"Jim spent years of his attending college, moving and settling in an apartment hours away from home. While he attended courses for 3 years, he didn't complete enough credits to finish the degree. He's still paying off his loans. When job searching, it took weeks to even get a lukewarm response for his resume. In desperation, Jim drastically lowered his standards, not telling anyone, redoing his resume to adapt to different positions even when they offered little long term growth, in hopes of getting any feedback. On some resumes, he even lied about his qualifications. One time Jim even drove 5 hours to meetup for coffee that turned out to be a MLM recruiter" (failure at career)
"Jacob burned thousands of hours on dating apps. Most thwarted his bid for physical proximity, let alone emotional support, security, and reliability expected in a partner. He was routinely spurned by individuals he thought unremarkable, which he'd never consider or even notice in real life. Trying to make himself more appealing, he lied about his height and income. On some occasions, Jacob spent months chatting with a connection, investing enormous amounts of time in hopes of meeting them, only for them to ghost him. On the rare occasion he finally met someone in person, they looked much different than their pic. One time, a date revealed being courted by many others over years and still using the app actively." (failure at love)
Work and love is a life and death thing. The day people candidly report they sunk time/effort and they were hurt/humiliated attempting to conform to "normal" social escapades, pigs will fly.
That said, I know many people who were successful at online dating, and of course college (with varying extents of completion). Of those, I think their positive outcome is in spite of the avenue/venue picked. They were uniformly great communicators/empaths/confident and very motivated.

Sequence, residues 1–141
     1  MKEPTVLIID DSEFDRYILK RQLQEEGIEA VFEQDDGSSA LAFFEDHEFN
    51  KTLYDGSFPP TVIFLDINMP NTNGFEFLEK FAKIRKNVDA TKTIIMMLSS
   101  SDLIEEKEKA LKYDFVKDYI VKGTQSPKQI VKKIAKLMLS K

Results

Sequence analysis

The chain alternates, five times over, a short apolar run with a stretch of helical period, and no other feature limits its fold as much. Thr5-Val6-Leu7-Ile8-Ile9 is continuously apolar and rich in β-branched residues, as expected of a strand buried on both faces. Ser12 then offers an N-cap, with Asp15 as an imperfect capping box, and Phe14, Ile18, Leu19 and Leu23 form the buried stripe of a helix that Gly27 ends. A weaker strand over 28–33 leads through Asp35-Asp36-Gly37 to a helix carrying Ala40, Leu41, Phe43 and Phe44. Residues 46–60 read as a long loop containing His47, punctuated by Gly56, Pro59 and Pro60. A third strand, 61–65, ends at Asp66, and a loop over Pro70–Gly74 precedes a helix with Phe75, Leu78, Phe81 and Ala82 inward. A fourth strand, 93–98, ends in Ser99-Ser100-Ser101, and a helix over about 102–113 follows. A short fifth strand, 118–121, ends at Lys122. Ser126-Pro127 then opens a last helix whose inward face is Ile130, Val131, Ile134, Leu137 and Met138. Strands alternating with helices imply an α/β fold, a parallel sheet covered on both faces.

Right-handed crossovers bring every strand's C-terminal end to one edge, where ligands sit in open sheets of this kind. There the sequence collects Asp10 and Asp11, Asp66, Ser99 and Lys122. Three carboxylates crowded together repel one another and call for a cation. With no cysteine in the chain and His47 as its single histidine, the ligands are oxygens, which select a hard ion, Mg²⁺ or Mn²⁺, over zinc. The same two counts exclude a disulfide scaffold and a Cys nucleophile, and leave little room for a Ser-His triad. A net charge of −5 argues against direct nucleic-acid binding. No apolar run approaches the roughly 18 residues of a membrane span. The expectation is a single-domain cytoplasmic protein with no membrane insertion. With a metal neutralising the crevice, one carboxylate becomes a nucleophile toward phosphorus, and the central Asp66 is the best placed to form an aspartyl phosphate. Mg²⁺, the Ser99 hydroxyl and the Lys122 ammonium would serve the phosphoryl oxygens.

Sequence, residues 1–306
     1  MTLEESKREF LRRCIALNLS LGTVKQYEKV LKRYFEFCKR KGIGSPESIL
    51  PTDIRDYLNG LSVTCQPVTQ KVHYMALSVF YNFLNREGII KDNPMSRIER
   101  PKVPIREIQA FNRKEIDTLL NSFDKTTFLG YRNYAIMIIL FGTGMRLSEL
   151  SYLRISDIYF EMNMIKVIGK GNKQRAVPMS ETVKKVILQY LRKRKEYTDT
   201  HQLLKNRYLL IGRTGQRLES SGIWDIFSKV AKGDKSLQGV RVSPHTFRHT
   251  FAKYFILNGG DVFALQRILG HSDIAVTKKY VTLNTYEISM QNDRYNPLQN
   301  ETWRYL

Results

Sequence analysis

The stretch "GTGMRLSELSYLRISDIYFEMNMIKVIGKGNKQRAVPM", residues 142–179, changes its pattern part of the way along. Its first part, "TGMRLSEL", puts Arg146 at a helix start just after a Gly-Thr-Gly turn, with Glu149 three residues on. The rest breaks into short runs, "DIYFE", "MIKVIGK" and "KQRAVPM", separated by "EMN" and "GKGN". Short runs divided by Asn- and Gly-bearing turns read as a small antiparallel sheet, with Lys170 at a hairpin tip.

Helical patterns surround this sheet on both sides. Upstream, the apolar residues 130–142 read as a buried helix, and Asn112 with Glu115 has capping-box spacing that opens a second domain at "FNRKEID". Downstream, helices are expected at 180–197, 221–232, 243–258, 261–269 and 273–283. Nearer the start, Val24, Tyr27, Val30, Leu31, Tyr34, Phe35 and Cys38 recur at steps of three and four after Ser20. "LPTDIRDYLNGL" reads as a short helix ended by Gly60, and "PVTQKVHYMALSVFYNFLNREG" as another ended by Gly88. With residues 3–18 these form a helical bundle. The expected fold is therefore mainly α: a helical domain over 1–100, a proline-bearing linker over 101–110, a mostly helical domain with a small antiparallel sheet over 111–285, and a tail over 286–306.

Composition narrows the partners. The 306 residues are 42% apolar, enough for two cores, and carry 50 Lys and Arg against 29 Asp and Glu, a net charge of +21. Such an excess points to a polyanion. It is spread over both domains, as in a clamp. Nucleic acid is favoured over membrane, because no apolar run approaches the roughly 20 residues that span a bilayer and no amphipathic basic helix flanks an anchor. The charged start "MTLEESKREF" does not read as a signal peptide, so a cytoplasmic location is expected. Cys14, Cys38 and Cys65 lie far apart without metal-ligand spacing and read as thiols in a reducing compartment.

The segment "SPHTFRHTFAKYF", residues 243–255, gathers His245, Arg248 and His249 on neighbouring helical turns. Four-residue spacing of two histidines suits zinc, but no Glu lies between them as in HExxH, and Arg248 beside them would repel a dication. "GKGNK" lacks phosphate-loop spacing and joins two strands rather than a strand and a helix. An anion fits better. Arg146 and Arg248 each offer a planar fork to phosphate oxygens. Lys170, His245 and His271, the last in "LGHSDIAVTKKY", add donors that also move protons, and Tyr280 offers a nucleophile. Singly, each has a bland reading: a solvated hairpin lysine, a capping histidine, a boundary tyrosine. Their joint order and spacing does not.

You know, I hear this a lot. One thing I learned early on in dating was to, from someone’s photographs, figure out how they look in real life. It’s comes down to this: Are they hiding something in the photographs? If there are no full-body pictures of them simply standing in front of the camera, you have no idea what they look like until you meet them.
Turned out to be false.
So to your comment about meeting a spouse online, or at college, etc. I don't think we're getting accurate information on outcomes.
Hm, put it this way: If someone has a hope of meeting a spouse through a particular venue, invest in it, and it doesn't work out, can we count on them report the failure? So when an analysis actually does happen, we have everything ready to see?
It's a separate conversation of how important love is to individuals, but don't you think it'd be generally something a person wouldn't admit failure at in survey?
Regarding a journal of experiences and what they learned, yep, that is valuable. It can do a lot to humanize the person. If you are interested in this type of autobiographical style, Locked Up Abroad is a good docu-series. One good episode is Cullen Thomas in South Korea. He also wrote a book called Brother One Cell: An American Coming of Age in South Korea's Prisons where he has an interesting story and a lot of self-reflection.
I don't believe so.
Aside: There's better exceptions to my original post, e.g. in US we release outcome statistics at schools.
- https://www2.ed.gov/rschstat/catalog/student-outcomes.html (outcomes)
- https://studentaid.ed.gov/sa/about/data-center/student/portf... (loans)
So we even get data in some cases. But experiences in many things like dating and job searching isn't mandatory for everyone to report. And sometimes the most impactful things don't fit into Pandas tables well :)
I used the same profile on each dating website, play the field, dont just limit yourself. You never know what will happen.
I think real, true love is a decision to faithfully be there and serve a person through thick and thin, and then sticking with it. It is best if that decision is well-made. There are many thoughts here (based on experience, research and lots of observation). Comments welcome (but I probably won't make the site very pretty anyway :) .
(It also includes (buried in there somewhere) a reference to a relative's ~$4 ebook on free or very inexpensive dating ideas (and why dating a variety of people matters--she married #72 and they seem very happy several years later), but maybe I should add (on request..) a link to her blog entry where she posted 100 ideas....)
It took me like three years of active going through it to find my wife, who by the way is wonderful.
I hope I will never have to do it again.
Looking at it in retrospective, I think maybe I did it wrong, because it’s supposed to be enjoyable, I think. But I was clueless back then. Who knows.
Still, science plus romcom? I’d watch.